If you’re selling to enterprises, at some point, you’ll need to get executive buy-in to move forward.
To be successful, you need a unique approach.
The presentations and discussions you had with influencers won’t have the same effective on senior decision makers.
They want one or two specific questions answered and, when the time is right, they want the answers quickly.
In this episode of The B2B Rebellion, Amy Quick shares 3 simple tips that will help you connect and close more conversations with the C-Suite.
Andy Culligan: So, hi guys, welcome back again to another Leadfeeder video, really happy to have with me here today, Amy Quick, she's now a territory account manager Fortinet. I needed to have a quick look at my notes here because Amy is literally just after jumping positions, so that's why if you excuse me, I'll just look into the side there. She's also the co-founder of 5 on Friday.
Amy, put out a social post there last week after I spoke with her on a webinar about me calling her social influencer, which I believe she is, but she was blushing a little bit around that although she's very modest. I also see Amy as a great social influencer on LinkedIn, and I'm really excited to hear what her sales tips are gonna be for people out there at the moment, but Amy, do you wanna give us a little bit of background on yourself, what you do, what makes you tick, tell us a little bit about 5 on Friday and also about your new role.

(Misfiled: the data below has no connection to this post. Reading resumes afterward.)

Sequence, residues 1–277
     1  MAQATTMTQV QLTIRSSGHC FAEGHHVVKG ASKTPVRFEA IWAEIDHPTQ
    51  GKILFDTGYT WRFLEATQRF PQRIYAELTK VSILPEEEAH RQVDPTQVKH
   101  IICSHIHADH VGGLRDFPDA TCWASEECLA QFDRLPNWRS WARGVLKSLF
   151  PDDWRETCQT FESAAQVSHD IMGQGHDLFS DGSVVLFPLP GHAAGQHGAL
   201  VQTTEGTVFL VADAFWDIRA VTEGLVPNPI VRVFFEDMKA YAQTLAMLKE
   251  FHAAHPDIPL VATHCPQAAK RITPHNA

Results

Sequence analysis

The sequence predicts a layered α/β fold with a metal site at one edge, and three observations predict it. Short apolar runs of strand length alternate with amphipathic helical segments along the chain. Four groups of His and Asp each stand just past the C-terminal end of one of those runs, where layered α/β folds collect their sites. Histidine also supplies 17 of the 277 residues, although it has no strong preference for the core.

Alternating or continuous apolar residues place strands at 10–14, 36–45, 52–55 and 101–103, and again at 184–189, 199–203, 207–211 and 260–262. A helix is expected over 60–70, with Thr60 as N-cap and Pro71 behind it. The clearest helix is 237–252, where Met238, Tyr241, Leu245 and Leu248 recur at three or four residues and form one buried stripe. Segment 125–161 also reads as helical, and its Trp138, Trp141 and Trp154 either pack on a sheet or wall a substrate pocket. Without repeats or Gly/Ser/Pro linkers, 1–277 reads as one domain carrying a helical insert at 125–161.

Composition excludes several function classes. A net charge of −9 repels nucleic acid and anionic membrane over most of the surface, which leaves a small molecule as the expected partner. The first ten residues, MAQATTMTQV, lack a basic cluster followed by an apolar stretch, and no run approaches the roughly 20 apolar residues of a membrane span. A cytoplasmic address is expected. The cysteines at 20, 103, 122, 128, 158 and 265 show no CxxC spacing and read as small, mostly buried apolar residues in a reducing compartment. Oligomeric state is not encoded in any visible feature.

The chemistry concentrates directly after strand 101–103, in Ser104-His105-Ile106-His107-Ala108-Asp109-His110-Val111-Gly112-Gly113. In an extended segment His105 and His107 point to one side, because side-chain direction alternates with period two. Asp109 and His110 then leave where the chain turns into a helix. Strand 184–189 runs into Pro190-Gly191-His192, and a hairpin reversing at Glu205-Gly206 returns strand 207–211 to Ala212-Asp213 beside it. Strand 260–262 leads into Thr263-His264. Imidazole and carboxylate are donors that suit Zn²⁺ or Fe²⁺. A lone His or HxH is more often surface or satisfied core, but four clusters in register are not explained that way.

Amy Quick: Yeah, yeah, well, thank you, appreciate you making me blush again this early in the morning.
AC: It's alright.
AQ: I won't throw you under the bus for that Andy, I promise. But yeah, so I have had a very eclectic background in sales. I started in the customer service world and then transitioned over to sales, so my career was probably six years in customer service before I ever hit a sales floor, hit a sales zone, so, and I've done a little bit of everything. I mean I've done showroom sales or B2C, and I've also done inside sales, SDR stuff, I've worked strategic accounts kind of as a CRM type of role I mean CSM type of role, and I've also done executive level sales.